It always worked and Skaggs retired to his room and drilled himself till he had mastered the trick, which seldom cost more than $2000 and soon realized him $50,000 or $100,000. After this he traveled the country dealing faro. By the third decade of the nineteenth century he was a master of the art of fleecing. But in all fairness, Skaggs's record is not entirely bad; he often risked money honestly i f he felt he could win without cheating.

The gullible were legion and he knew that he could not operate everywhere at once. So he devised the next best way to gather in suckers' money: he sent his own crew on the road to separate the simple from their cash. Skaggs toured the country's gambling dives and palaces, collecting young, genteel-looking sports who exhibited an aptitude for learning his bag of tricks.

When he was satisfied that they were as perfect as he at manipulating cards, he sent them out in teams of two, supervised by one of his brothers, cousins, and other near relations. The family must have been startlingly large, for Elijah had at least twenty-five faro artists out winning money for him. To these relatives he supplied money for his dealers and from them required an accounting of all winnings. The dealers received one fourth of the profit after expenses were paid. When Skaggs was informed by one of his touring companies that their bank was broke or low, he ordered them to return directly and sent a new team out as replacement. The luckless gamblers were given fresh funds and sent to a different area.

For twenty years Elijah Skaggs's teams toured the country and they made him a millionaire, but in time as John Morris wrote . . . the true character of his games leaked out, and a cry was raised against them throughout the country, till the name of `Skaggs patent dealers,' as they were termed, was a synonym for all sorts of frauds and dishonesty at the gaming-table."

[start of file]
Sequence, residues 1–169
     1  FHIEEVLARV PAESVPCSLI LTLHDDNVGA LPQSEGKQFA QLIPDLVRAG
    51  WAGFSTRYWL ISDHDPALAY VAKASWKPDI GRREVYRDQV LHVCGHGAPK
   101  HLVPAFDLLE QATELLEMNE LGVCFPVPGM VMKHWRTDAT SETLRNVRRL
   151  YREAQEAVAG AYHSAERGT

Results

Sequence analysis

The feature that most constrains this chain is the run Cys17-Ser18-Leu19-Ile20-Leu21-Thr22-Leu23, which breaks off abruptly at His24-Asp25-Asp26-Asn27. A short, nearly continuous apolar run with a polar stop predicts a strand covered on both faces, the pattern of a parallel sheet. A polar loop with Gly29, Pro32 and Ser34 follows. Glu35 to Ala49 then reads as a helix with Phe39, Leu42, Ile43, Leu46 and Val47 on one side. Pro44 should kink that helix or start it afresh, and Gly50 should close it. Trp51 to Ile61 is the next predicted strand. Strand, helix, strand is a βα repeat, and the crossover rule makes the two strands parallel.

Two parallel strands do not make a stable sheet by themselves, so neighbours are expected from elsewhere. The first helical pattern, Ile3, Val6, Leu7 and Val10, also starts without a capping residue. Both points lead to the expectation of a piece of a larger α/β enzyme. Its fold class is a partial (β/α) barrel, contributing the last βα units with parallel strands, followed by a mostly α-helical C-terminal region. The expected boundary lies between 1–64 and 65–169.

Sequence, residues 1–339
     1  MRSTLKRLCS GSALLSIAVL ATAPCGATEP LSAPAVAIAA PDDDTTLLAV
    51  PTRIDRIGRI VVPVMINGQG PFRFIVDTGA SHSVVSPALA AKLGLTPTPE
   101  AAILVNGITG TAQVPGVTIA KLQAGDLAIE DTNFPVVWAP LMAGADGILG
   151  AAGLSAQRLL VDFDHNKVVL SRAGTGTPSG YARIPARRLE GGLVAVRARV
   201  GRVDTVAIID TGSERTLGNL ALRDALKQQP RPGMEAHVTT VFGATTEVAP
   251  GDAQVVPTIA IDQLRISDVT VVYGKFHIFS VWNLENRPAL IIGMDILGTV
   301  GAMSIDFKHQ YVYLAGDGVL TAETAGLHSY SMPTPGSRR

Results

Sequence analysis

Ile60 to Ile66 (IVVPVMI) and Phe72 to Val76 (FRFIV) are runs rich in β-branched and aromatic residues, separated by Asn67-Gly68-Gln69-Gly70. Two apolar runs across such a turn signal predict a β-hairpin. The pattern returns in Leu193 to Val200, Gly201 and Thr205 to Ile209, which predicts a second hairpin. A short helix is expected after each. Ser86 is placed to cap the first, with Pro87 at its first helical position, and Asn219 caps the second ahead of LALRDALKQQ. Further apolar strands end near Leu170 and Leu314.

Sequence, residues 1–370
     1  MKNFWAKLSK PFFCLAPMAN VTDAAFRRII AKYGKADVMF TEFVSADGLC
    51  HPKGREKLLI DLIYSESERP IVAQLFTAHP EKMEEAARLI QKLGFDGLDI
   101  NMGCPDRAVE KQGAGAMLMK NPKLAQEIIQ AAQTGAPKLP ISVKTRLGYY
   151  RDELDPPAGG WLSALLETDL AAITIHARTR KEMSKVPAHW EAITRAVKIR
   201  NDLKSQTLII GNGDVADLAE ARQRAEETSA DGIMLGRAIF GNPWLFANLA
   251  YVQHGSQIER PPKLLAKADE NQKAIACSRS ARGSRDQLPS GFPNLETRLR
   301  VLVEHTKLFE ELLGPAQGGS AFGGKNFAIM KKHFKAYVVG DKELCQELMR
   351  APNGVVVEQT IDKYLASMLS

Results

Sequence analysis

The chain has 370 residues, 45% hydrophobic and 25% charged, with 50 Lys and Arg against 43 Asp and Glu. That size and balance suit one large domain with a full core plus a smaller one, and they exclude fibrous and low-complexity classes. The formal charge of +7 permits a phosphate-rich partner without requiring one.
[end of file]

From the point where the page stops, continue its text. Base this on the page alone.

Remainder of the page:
But before this Skaggs, the ambitious, had discovered the assets of book learning and hired a schoolmaster to accompany him while he operated his gambling empire, and give him an education. Armed with this knowledge, he broadened his scope and gainfully turned his talents to speculating, his contemporaries reported, "in mules, sheep, real estate, and bank-stocks." By 1847 he owned a thriving sugar plantation worked by two hundred Negro slaves who called him "Master."

In 1859 millionaire Skaggs retired from gambling, dismissed his faro dealers, informing them that the organization was no more. From now on any profits made bilking the yokels would be their own. He shed his quaint, parson's clothes for the fine apparel of a Southern gentleman and looked forward to a rich leisure on his plantation.

But the Civil War cruelly smashed his dream of ease. His holdings depreciated in value. His slaves were emancipated and left him, almost a pauper. His wits alone remained. The ex-gambler turned blockade runner around New Orleans and made more money than ever speculating in contraband cotton and sugar.

In the end Skaggs was powerless to outwit his destiny. Fervently devoted to the Confederate cause, he invested all $3,000,000 of his second fortune in Confederate bonds. His spirit was crushed when the South lost the war and he began to blank himself out with whisky. He reeled through Louisiana and Texas for five years and acquired the copper-red nose of the drunkard.

In 1870 Skaggs died, a destitute whisky-soak, in Texas.